Big Debt Crises (2018) by Ray Dalio is an economic primer based on the proprietary decision-making system used at the author’s hugely successful hedge fund, Bridgewater Associates. Financial crises across history tend to share certain features... Purchase this in-depth summary to learn more.
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NATIONAL BESTSELLER A look at how our current crises are caused by too much government, and how Ayn Rand's bold defense of free markets can help us change course. The rise of the Tea Party and the 2010 election results revealed that tens of millions of Americans are alarmed by Big Government, but skeptical that anything can or will be done to stop the growth of the state. In Free Market Revolution, the keepers of Ayn Rand's legacy argue that the answer lies in her pioneering philosophy of capitalism and self-interest –a philosophy that more and more people are turning to for answers. In the past few years, Rand's works have surged to new peaks of popularity, as politicians like Paul Ryan, media figures like John Stossel, and businessmen like John Mackey routinely name her as one of their chief influences. Here, Brook and Watkins explain how her ideas can solve a host of political and economic ills, including the debt crisis, inflation, overregulation, and the swelling welfare state. And most important, they show how Rand's philosophy can enable defenders of the free market to sieze the moral high ground in the fight to limit government. This is a fresh and urgent look at the ideas of one of the most controversial figures in modern history – ideas that may prove the only hope for the future.
WINNER OF THE LIONEL GELBER PRIZE A NEW YORK TIMES NOTABLE BOOK OF 2018 ONE OF THE ECONOMIST'S BOOKS OF THE YEAR A NEW YORK TIMES CRITICS' TOP BOOK "An intelligent explanation of the mechanisms that produced the crisis and the response to it...One of the great strengths of Tooze's book is to demonstrate the deeply intertwined nature of the European and American financial systems."--The New York Times Book Review From a prizewinning economic historian, an eye-opening reinterpretation of the 2008 economic crisis (and its ten-year aftermath) as a global event that directly led to the shockwaves being felt around the world today. In September 2008 President George Bush could still describe the financial crisis as an incident local to Wall Street. In fact it was a dramatic caesura of global significance that spiraled around the world, from the financial markets of the UK and Europe to the factories and dockyards of Asia, the Middle East, and Latin America, forcing a rearrangement of global governance. In the United States and Europe, it caused a fundamental reconsideration of capitalist democracy, eventually leading to the war in the Ukraine, the chaos of Greece, Brexit, and Trump. It was the greatest crisis to have struck Western societies since the end of the Cold War, but was it inevitable? And is it over? Crashed is a dramatic new narrative resting on original themes: the haphazard nature of economic development and the erratic path of debt around the world; the unseen way individual countries and regions are linked together in deeply unequal relationships through financial interdependence, investment, politics, and force; the ways the financial crisis interacted with the spectacular rise of social media, the crisis of middle-class America, the rise of China, and global struggles over fossil fuels. Finally, Tooze asks, given this history, what now are the prospects for a liberal, stable, and coherent world order?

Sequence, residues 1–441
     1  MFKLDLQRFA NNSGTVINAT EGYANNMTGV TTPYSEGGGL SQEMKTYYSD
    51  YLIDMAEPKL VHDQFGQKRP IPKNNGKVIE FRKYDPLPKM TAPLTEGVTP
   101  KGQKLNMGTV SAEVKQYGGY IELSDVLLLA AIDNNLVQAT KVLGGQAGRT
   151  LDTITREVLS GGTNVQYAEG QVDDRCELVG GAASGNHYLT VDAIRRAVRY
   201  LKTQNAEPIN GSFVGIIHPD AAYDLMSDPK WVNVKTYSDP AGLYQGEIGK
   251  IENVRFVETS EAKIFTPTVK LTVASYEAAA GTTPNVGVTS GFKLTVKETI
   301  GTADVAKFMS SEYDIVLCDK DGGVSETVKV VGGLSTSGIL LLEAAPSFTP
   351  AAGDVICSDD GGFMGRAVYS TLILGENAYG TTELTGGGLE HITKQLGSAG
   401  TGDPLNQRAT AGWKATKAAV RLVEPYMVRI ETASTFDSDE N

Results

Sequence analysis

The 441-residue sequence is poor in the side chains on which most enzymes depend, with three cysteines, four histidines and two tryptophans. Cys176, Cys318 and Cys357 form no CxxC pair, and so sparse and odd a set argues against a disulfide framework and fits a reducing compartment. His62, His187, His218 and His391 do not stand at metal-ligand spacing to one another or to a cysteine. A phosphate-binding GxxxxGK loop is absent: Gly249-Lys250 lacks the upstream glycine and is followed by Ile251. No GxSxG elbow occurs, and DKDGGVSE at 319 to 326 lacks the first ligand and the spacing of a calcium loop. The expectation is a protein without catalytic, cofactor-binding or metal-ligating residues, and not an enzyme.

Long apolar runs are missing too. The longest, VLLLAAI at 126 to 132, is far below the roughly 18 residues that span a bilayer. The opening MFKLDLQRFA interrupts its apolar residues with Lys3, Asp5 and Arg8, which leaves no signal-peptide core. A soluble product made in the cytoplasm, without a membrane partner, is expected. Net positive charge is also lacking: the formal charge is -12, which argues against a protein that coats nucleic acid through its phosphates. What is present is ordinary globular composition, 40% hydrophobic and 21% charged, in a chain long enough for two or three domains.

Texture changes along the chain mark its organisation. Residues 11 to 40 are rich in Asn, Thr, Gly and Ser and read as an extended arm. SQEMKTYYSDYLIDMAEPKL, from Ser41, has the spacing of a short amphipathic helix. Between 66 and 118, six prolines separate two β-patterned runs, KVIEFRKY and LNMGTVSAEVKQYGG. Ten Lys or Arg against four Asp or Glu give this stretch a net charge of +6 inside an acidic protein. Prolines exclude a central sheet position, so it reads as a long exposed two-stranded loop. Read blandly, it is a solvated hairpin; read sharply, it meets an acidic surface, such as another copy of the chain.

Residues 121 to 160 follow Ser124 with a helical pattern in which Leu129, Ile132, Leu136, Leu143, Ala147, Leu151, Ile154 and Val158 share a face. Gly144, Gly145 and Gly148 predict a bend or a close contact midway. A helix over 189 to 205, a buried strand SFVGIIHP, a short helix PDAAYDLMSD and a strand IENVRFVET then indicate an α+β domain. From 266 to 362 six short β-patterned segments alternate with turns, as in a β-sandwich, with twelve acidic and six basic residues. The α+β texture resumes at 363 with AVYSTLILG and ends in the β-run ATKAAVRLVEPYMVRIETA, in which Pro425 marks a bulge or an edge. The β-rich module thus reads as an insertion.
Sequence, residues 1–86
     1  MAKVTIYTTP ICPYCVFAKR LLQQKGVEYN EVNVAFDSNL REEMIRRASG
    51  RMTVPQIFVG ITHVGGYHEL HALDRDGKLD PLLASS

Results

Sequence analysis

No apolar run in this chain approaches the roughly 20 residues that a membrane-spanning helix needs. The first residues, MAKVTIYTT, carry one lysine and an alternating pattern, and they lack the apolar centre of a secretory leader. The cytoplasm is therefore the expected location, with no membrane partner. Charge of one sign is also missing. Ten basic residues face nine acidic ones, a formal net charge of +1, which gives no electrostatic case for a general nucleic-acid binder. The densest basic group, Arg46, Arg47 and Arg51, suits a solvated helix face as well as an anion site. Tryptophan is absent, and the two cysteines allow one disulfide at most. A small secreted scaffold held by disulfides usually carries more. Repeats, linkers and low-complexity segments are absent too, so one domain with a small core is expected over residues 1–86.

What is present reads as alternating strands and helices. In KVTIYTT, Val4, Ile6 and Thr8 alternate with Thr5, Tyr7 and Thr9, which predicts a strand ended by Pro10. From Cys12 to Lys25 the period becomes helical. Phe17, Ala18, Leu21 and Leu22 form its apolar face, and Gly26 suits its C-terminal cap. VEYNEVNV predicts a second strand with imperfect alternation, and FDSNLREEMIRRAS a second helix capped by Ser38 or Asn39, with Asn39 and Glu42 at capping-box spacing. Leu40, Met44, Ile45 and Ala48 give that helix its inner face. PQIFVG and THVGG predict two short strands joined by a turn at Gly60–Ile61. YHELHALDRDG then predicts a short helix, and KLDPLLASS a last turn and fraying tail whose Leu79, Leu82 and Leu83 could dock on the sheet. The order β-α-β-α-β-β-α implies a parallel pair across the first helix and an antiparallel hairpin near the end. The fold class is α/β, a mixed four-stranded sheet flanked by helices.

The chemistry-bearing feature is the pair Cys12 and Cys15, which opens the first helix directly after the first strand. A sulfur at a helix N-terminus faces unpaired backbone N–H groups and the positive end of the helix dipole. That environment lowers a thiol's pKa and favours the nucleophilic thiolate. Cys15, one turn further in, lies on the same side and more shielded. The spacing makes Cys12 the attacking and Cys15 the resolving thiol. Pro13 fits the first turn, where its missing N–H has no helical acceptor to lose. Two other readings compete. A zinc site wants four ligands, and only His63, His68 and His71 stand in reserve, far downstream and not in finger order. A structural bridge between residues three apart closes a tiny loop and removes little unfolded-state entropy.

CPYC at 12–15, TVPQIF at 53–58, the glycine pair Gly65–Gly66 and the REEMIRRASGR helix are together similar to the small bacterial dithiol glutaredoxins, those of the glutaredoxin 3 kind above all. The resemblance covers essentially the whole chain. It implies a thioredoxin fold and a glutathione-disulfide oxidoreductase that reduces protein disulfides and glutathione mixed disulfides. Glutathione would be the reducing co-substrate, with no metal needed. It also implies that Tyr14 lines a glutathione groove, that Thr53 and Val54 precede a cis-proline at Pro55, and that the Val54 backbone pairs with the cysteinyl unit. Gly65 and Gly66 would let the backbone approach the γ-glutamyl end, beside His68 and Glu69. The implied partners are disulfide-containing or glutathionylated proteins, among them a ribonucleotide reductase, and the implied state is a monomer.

Korea's development process offers valuable lessons for other developing and less developed economies. In particular, the way Korea uses outside technologies, by accumulating indigenous capabilities, is still valid in the era of the knowledge economy. This volume examines the Korean model and Korea's march toward a knowledge economy from a poverty-ridden economy before the launch of full-scale industrialization in the early 1960s. It also emphasizes Korea's achievements, as well as remaining tasks within the four pillars of the knowledge economy, with a common theme throughout -- how Korea has narrowed the gaps in its knowledge and institutions in global competition with world leaders.
The Occupy Movement Explained is a readable, compact account and analysis of the Occupy protests, by a scholar who participated in several Occupy events. The book is thoroughly researched, painstakingly accurate, and fully documented. It debunks a number of myths and misunderstandings that have become rife. Nicholas Smaligo shows how the movement arose out of radical currents that have been active below the media's radar since the 1970s. Occupiers are not all the same, and the author reviews some of the debates and changes within the movement. The occupations began under a slogan that conjured up a naive sense of unity—"We Are the 99%!" It did not take very long for that sense of unity to give way to an appreciation of just how socially, economically, and ideologically fragmented American society is. For some, this was an excuse to return to their cynicism—for others, it was an invitation to lose their illusions and begin to see the world from the viewpoint of political activists. The Occupy Movement Explained describes this process of education and the lessons learned about "the 99%", the police, direct democracy, political demands, and the intimately related questions of social change, violence and property.